Benefits of Shockwave Therapy in Horses
- Rapid reduction in pain and decreased healing times
- Works on chronic and acute conditions
- None of the side effects of steroid treatments — nor the dangers of further injury
- A great alternative to drugs and their side effects
- A successful alternative to surgery as a treatment for horse injuries
- Requires no sedation, medication or anaesthesia – one of the few horse injury treatments that require no drugs of any kind
- A quick out-patient treatment for horse injuries
- Available on-site with mobile shock wave units
- Virtually no side effects
- A complete course of treatment in only a few sessions (the average treatment for horse injuries is completed in 3-5 sessions)
- A cost-effective treatment for horse Injuries
Conditions often treated with ESWT are injuries to the suspensory ligaments, both in fore and hind-limbs, other tendon and ligament injuries, kissing spines, sacroiliac pain, lumbosacral and other back pain. It can also be used for treating bone spavin, navicular syndrome, sesamoiditis, splints, non-healing wounds, stress fractures and treatment of non-union fractures.
Research has demonstrated that in the suspensory ligament ESWT has been shown to increase the formation of collagen fibrils and growth factors. Tendon injuries treated with shock wave therapy showed more mature and parallel collagen fibres and increased new blood supply when compared to untreated controls.
Recent studies of wound healing have indicated that shock wave therapy promotes healing of wounds in horses by increasing growth factors, reducing inflammation and promoting tissue proliferation. Shock wave therapy has also been shown to decrease inflammation associated with arthritis in horses. While the exact mechanisms of shock wave therapy seem to differ among the various tissues being treated, the effect of shock wave therapy appears to be dose-dependent.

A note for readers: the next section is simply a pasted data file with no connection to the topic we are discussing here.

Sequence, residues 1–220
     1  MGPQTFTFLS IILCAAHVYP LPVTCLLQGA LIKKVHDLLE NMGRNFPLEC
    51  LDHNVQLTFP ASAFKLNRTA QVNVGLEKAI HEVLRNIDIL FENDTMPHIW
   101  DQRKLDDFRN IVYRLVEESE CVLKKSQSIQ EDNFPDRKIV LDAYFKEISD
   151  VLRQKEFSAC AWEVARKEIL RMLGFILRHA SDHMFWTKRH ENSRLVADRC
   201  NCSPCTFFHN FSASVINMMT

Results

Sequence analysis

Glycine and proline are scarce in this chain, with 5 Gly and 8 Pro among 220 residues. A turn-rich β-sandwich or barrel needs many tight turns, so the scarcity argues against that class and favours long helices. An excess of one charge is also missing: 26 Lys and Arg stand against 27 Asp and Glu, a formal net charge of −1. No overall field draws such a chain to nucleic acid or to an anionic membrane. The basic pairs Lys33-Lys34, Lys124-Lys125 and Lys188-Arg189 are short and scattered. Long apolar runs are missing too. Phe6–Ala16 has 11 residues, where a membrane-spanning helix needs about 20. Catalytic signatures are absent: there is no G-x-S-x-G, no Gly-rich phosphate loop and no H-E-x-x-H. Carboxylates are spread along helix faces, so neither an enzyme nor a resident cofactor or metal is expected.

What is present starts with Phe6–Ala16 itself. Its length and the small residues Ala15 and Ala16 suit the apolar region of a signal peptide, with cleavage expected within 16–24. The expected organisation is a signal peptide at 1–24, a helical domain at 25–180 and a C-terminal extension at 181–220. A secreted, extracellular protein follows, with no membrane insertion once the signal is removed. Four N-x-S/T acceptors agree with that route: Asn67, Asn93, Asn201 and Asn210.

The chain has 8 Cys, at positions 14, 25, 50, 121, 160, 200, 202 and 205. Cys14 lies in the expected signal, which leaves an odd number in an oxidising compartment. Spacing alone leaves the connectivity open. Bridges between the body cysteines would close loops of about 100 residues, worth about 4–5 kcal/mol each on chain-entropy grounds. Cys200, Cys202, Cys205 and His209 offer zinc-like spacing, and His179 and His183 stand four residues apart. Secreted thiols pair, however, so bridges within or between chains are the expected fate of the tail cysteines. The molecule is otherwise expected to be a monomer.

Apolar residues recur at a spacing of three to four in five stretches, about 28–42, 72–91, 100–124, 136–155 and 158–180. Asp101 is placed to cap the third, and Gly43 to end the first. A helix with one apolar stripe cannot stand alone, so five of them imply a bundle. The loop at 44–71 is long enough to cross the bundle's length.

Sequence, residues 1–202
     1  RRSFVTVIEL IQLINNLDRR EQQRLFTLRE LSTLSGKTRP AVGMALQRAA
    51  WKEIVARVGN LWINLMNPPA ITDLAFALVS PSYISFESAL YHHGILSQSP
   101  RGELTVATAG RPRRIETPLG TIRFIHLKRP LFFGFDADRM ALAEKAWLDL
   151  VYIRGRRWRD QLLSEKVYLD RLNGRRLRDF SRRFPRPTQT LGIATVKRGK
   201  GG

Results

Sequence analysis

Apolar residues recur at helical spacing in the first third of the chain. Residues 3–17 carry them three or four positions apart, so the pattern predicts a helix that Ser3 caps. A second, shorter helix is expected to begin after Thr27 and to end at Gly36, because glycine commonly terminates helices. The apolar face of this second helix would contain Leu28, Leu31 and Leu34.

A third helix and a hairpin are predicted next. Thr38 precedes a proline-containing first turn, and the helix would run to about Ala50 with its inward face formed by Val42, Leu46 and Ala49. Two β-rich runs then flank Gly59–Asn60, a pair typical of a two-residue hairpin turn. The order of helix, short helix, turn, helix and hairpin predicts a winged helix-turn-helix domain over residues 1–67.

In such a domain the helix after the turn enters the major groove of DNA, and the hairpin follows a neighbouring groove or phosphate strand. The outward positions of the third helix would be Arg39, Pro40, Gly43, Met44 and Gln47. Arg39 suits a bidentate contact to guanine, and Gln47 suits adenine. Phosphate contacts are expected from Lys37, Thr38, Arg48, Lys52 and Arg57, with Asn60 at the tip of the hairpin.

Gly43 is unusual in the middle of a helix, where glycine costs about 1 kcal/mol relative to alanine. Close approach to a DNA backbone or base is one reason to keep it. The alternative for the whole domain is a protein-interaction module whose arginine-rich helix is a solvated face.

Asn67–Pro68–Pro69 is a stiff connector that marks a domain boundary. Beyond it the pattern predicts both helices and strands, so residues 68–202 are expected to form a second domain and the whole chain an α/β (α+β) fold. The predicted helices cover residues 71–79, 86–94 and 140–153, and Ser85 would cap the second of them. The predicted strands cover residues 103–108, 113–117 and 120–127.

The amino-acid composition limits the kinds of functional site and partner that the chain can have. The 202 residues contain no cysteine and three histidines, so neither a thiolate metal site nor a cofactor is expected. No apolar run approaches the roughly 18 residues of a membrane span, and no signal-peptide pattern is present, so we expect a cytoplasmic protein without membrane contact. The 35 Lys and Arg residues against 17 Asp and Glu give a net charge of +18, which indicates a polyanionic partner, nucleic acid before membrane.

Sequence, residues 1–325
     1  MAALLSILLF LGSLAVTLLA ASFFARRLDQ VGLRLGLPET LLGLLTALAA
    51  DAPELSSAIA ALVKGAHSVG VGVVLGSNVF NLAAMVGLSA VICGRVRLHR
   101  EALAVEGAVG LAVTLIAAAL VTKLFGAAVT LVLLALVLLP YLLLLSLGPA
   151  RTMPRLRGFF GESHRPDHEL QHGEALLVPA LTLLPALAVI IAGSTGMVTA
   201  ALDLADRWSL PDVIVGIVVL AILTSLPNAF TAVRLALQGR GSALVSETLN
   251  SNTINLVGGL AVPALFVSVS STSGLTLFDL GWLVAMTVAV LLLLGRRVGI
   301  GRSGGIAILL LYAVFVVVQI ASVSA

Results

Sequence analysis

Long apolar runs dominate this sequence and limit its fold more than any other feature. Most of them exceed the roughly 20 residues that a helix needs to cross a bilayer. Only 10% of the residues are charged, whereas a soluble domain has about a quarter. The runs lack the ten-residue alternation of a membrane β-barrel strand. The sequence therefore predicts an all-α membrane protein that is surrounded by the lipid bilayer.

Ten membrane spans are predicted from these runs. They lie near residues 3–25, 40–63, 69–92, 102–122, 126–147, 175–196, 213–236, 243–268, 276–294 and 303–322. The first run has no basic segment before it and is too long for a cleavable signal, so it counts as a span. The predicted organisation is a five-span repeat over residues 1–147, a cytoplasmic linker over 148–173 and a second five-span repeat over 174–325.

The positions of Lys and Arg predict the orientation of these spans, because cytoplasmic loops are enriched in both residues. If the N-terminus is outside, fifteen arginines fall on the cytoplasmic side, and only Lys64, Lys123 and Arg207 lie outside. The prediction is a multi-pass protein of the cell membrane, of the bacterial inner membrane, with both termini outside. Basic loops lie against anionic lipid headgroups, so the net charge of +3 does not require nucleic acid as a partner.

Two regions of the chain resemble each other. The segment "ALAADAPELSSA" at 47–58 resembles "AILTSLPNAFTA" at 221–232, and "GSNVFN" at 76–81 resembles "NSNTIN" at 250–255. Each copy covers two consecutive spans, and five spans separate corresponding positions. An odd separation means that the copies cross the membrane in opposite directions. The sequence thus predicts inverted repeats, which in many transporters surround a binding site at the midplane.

There are two types of shock wave therapy devices: radial and focused shock wave modalities. Focused shock wave machines are capable of generating a unique waveform with more power than radial machines therefore potentially a lower dose can be used. Both forms of ESWT have been shown to produce a localised analgesic effect at the treatment site for approximately 3 days following treatment therefore it is important not to overwork the injury during this time frame.
Various racing commissions and the FEI have regulations concerning the waiting periods post-treatment prior to competition.